Kobe Journal of Medical Sciences, 1998
TI: Nitric oxide is produced via 5-HT1B and 5-HT2B receptor activation in human coronary artery endothelial cells.
AU: Ishida-T; Kawashima-S; Hirata-K; Yokoyama-M
AD: Department of Internal Medicine, Kobe University School of Medicine.
SO: Kobe-J-Med-Sci. 1998 Apr; 44(2): 51-63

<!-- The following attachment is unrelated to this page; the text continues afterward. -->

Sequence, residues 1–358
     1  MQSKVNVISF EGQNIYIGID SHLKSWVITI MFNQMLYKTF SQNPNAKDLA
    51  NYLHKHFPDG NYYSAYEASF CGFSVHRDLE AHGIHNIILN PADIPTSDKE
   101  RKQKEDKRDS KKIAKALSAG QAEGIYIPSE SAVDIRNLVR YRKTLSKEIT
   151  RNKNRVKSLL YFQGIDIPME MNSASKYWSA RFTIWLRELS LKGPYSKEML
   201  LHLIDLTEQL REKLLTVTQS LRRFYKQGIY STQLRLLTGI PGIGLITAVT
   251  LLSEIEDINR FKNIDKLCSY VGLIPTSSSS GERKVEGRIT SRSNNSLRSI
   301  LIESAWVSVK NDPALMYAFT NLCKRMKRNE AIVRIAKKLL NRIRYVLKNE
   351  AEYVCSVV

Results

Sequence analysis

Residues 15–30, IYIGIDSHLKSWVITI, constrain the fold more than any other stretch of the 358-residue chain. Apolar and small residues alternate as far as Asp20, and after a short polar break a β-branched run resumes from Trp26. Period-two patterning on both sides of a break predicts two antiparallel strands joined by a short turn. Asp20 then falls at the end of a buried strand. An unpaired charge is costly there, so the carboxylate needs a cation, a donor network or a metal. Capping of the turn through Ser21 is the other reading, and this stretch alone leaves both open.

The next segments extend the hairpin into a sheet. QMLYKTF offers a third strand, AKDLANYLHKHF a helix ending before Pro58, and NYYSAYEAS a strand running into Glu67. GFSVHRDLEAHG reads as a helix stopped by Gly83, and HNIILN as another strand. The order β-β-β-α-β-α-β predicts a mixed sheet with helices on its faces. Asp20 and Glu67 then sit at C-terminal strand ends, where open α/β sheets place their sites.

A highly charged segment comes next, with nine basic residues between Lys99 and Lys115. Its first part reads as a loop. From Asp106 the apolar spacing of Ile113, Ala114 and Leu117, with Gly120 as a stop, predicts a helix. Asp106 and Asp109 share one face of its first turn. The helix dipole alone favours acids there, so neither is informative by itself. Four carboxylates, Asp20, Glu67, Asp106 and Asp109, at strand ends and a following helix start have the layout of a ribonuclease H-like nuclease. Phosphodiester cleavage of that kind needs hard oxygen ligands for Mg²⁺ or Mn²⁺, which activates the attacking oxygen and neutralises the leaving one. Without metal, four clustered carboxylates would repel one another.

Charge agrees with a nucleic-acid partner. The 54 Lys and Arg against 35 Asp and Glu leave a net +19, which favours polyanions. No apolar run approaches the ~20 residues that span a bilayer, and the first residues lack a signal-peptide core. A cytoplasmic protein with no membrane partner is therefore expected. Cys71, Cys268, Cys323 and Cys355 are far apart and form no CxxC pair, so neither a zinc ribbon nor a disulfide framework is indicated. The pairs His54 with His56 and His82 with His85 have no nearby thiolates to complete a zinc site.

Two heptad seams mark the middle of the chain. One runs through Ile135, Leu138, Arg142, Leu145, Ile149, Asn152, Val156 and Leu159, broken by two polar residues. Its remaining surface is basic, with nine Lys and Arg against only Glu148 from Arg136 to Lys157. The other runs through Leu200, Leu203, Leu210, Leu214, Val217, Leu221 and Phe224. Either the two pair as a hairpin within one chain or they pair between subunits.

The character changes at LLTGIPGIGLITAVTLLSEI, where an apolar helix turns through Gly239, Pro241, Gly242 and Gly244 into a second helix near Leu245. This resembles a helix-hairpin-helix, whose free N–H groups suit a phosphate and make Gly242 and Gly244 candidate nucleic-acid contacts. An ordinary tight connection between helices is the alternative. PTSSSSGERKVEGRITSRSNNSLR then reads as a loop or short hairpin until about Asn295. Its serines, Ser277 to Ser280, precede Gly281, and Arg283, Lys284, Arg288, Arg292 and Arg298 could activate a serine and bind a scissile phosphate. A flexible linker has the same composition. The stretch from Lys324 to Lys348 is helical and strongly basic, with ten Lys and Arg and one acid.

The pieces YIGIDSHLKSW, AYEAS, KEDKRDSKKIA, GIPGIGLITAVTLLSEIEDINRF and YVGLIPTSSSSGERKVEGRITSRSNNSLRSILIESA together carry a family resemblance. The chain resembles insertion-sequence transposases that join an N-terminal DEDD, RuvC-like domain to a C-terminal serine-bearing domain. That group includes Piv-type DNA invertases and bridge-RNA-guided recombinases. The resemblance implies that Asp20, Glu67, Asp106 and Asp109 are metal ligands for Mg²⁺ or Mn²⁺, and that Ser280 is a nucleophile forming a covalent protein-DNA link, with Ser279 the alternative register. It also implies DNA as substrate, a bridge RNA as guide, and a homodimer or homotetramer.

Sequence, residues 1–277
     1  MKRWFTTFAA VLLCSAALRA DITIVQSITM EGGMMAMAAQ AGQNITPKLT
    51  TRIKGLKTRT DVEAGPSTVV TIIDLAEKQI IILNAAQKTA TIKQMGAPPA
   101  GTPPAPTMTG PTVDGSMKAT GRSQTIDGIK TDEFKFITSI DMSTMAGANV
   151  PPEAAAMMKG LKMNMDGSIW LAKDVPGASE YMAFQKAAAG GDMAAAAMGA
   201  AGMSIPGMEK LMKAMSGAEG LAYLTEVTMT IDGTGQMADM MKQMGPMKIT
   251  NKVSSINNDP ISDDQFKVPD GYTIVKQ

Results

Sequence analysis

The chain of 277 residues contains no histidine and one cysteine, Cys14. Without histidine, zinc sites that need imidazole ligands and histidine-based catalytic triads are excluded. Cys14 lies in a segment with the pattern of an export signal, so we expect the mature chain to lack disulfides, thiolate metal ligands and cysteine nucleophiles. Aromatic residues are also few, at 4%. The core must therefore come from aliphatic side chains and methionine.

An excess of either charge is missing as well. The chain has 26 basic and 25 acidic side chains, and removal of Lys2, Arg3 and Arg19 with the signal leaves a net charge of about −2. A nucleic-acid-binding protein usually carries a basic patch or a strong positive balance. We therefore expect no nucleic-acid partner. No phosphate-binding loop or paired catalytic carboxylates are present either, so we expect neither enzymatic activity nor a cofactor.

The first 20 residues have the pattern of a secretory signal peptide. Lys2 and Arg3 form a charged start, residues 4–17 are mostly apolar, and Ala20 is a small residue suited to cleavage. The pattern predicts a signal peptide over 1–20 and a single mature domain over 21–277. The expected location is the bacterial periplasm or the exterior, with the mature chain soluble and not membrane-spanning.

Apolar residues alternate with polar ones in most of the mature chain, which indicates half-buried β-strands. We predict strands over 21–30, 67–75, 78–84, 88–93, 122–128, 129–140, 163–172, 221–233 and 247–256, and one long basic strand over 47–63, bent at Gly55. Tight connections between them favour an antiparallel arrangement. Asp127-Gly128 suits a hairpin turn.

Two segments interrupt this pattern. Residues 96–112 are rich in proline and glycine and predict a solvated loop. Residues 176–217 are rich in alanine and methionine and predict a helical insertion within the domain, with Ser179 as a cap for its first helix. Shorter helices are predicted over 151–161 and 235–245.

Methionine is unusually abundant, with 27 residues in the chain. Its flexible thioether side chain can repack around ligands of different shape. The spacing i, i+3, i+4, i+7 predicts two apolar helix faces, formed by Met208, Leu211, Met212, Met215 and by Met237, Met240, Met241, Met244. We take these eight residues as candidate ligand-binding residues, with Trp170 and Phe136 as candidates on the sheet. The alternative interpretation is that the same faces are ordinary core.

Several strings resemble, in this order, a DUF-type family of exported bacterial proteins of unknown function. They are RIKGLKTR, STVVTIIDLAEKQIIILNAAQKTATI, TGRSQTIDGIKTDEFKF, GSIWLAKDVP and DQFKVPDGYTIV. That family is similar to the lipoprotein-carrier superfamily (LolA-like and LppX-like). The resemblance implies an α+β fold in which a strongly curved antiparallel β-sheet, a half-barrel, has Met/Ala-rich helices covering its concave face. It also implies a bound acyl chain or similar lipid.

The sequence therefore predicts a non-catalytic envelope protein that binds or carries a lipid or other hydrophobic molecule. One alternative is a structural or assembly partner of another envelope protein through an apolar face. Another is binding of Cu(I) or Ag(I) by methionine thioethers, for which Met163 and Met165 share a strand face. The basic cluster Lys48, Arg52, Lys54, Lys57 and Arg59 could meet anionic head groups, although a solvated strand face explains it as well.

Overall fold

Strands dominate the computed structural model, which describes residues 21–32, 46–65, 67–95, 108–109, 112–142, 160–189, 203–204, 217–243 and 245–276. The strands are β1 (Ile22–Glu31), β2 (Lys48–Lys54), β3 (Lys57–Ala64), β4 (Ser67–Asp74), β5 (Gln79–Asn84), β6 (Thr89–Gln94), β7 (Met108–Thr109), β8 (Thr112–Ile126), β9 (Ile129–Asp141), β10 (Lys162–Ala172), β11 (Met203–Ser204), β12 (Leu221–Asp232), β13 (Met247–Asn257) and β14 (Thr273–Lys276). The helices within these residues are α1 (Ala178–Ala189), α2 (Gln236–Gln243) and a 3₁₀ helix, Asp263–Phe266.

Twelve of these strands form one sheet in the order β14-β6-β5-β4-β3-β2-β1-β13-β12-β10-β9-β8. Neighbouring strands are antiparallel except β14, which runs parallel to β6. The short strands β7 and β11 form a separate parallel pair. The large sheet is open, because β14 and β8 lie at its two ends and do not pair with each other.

AB: The aim of this study is to clarify the serotonin (5-HT) receptor subtypes responsible for 5-HT-induced nitric oxide (NO) production in cultured human coronary artery endothelial cells (HCAECs). Reverse transcription-polymerase chain reactions revealed that HCAECs possessed only 5-HT1B and 5-HT2B receptor mRNAs. 5-HT (0.001-10 mumol/L) induced nitrite production from HCAEC. A selective 5-HT1B/1D agonist sumatriptan (0.01-10 mumol/L) caused nitrite production. A selective 5-HT2 agonist (+/-)-1-(2,5-dimethoxy-4-iodophenyl)-2-aminopropane hydrochloride (DOI, 0.01-10 mumol/L) also mimicked the effect of 5-HT. The 5-HT-induced nitrite production was completely inhibited by the nonselective 5-HT1/2 antagonist methiothepin (0.1 mumol/L), but not by the 5-HT2A/2C antagonist ketanserin (0.1 mumol/L). Each of these agonists evoked the elevation of intracellular Ca2+ concentration in HCAECs. These findings suggest that 5-HT-induced NO production is mediated by both of 5-HT1B and 5-HT2B receptor activation in HCAECs. Thus, the 5-HT-evoked endothelium-dependent relaxation of human coronary arteries in vivo might be evoked by net effects of the activation of these receptor subtypes.